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Wednesday 1 September 2021

Burl reviews Pet Sematary! (1989)


Ha ha and housecats, it’s Burl! Yes, I thought I’d review the first filmed version of Stephen King’s book Pet Sematary, which, as I recall, I saw at the theatre on a date with my first real girlfriend, Ingra! I don’t think Ingra liked it very much, as she was not what you would call a horror movie aficionado! She did turn me on to all sorts of great books though, so I have plenty to thank her for! And we also once checked into a motel under the names “Mr. and Mrs. Buster Hideaway,” and you can say what you like about this younger generation, but I don’t think the kids are doing that sort of thing any more! Ha ha! And I suppose motel clerks are more scrupulous about checking identifications than they used to be!

But on to the movie! Now, I thought it was a pretty good idea to hire Mary Lambert to direct it, even though it was originally supposed to be George A. Romero at the helm! I don’t know why Romero bowed out, or was taken off it, or what happened, but it seemed like a lady director (sadly novel in those days, and less so now but not by all that much) who’d done Madonna videos and the art-crime picture Siesta would be a pretty bold choice! But you know, though she did a perfectly adequate job, there was nothing special about her approach so far as I could tell!

Dale Midkiff from Nightmare Weekend plays a carved wooden figure representing Louis Creed, the dad who works as a university doctor! Denise Crosby from Miracle Mile, looking comely in a pinched sort of a way, is the mom; and of course there are two sweet kids: preadolescent Ellie and the charming toddler Gage, who is played by Miko Hughes from Apollo 13 and Wes Craven’s New Nightmare! Because they have kids and a housecat too, the parents know the best thing to do would be to move into a house on a road down which massive tanker trucks hurtle constantly like screaming engines of death! Ha ha, the perfect place to raise a family!

Across this road of sorrow lives the elderly neighbor, Jud, played delightfully by Fred Gwynne from The Secret of My Success! Gwynne’s performance is a real high point in the picture, with his delightful Mainer accent and old-duck mannerisms and just plain Gwynne-ness! Of course we know where the story goes from here: Jud tells his new pal Louis all about the secret cemetery back yonder, the one that has the power to resuscitate the dead! Tragedy strikes soon after, and the use of the baneful graveyard brings about a lot more death and despair to the family Creed!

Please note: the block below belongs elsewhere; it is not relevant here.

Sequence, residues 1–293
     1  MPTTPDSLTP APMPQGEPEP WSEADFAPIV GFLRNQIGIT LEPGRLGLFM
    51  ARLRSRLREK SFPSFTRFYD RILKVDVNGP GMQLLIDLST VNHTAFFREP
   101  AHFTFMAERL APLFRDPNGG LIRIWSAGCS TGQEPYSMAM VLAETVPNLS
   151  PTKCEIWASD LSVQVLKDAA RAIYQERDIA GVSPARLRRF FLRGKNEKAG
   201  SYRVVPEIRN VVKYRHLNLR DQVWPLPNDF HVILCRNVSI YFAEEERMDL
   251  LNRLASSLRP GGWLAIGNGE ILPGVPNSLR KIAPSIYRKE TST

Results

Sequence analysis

Brad Greenquist from The Bedroom Window and The Chair plays the world’s least-helpful ghost, who manifests in the form of a walking meatloaf much like Jack from An American Werewolf in London, but without the comradeliness! He’s clearly just there to add some affrights, or at least some goriness, to the proceedings while the main story unfolds at the pace and in the progression that it must!

The King book is one of his most emotionally resonant, but the movie comes nowhere close to replicating this! Part of the fault lies with Midkiff, who, I’m sorry to say, just isn’t a very good actor; another part with King himself, who wrote the screenplay! The whole movie seems to have gone through a studio scrubbing process, which I suppose accounts for the blunted edges of Lambert’s style! It’s got a inappropriately-bright 80s look and some goofy optical effects, and so the atmosphere so badly required by this tale is largely, though not entirely, absent!

It all hoves a bit to the mediocre side, and the remake, which I also watched recently, doesn’t improve things much! I’d like to see what Romero might have done with the story, maybe using a script written by someone with more distance from the material, but I guess we’ll never know how that might have turned out! I’m gong to give this iteration of Pet Sematary two frozen cats, and at least half of that, I’ll admit, is for Fred Gwynne! Ha ha!


  1. You're absolutely right about Fred Gwynne, King's dialogue looks natural on the page, but not many actors can make it sound natural on film, and Gwynne got it just right.

    Apparently Zelda (the sister) is the scariest thing ever if you see this at the right age. I didn't. The book is better, but punishingly bleak.

    1. I was too old to be much affected by Zelda by the time this picture came out, but I can see how she would be scary! My son didn't seem to mind her, though - he's ten and, rather inappropriately perhaps, watched this with me recently!

      I'll admit that since having a child of my own, I've found it difficult to watch movies in which children are harmed, but when I see how blasé my boy is about such things, it makes it easier! Not that I go out of my way to show him such movies, ha ha! In any event I won't be re-reading the book any time soon, as it's just as grim as you say!